The situation

‘MECD’ is one of the largest academic buildings in Europe. It is a focal point of the university, which has more than 40,000 students in total and is a member of the prestigious Russell Group.

Since 2018 we’ve been working with the MECD team to devise strategies for organising space and have supported academics, postgraduate students and professional services staff as they move to new models of working.

Having become used to the ownership of personal offices, the academic community was initially reluctant to adopt a more modern workplace model, which was needed to enable a successful relocation of all units to MECD. So it was vital to gain their commitment and support for change.

Our approach

We made sure faculty staff were deeply involved in designing and testing their future workplace and included them in every step of the iterative process. Following a workshop with members of the university’s senior leadership team, the faculty launched a three-phase iterative and transparent pilot programme to learn over the course of an academic year how different groups could successfully coexist and work whilst discovering whether the concept could meet the fluctuating demands of the academic calendar.

During each phase of the pilot, we monitored desk-utilisation and a group of faculty staff and students shared feedback about their experiences through a structured focus group and interview programme. An overall review was completed at the end of each three-month trial and this information was then made public and incorporated into the next cycle of the pilot scheme.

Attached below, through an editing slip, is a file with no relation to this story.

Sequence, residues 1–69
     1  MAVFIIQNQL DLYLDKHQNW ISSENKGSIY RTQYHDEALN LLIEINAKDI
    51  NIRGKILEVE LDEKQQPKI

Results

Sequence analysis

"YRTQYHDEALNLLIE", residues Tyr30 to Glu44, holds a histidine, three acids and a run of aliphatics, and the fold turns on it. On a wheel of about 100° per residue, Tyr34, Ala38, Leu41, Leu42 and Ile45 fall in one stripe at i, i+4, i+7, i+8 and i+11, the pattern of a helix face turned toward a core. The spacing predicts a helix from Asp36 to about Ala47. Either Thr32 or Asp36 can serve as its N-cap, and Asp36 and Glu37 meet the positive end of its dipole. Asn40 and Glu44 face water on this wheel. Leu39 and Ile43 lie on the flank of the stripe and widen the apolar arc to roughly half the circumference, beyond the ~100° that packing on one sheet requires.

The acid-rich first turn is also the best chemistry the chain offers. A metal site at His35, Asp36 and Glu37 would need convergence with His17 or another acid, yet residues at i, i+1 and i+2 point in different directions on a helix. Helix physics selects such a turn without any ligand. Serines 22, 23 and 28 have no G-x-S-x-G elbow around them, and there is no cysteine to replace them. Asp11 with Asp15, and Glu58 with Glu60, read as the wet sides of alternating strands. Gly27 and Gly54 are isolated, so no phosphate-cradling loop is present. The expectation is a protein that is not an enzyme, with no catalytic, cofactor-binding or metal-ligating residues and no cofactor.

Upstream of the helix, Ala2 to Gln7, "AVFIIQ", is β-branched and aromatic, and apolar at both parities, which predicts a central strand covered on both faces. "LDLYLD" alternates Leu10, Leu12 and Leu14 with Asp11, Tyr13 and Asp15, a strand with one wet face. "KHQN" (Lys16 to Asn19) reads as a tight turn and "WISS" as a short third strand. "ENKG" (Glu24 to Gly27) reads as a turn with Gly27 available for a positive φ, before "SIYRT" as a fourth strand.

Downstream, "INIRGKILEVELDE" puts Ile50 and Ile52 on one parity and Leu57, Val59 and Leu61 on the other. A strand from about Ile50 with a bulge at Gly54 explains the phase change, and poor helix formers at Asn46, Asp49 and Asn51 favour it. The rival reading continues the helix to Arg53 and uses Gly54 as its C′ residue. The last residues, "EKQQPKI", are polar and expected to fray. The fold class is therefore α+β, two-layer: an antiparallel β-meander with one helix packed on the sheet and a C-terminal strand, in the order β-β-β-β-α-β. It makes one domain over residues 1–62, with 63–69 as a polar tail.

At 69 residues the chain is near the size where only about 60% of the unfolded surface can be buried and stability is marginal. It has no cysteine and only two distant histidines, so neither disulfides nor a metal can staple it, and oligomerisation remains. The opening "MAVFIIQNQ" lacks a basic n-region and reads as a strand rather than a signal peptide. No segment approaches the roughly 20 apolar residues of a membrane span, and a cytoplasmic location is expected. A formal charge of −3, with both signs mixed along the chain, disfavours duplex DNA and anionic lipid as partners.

As well as unearthing design issues that were subsequently addressed to hone the workplace model, this inclusive approach meant that academics became familiar with what to expect in their new location at MECD, whilst building their trust in the change management process.

Having honed the ‘configurable’ MECD workplace model, we went on to work with each function to capture their operational needs and facilitate them in determining the specific space configurations that would assist their teams to work effectively. By working with others in the professional team we were able to guide the design of the space.

We have continued to support the MECD by helping staff adapt to changes in the workplace in the post-pandemic era. We ran a series of focus groups with senior management to explain the benefits of Working Together Agreements. These agreements empowered faculty staff and gave them greater ownership over their work culture and the implementation of hybrid working than if rules had simply been imposed from above. Following the success of the project, we continue to work with the University of Manchester to implement the process more widely.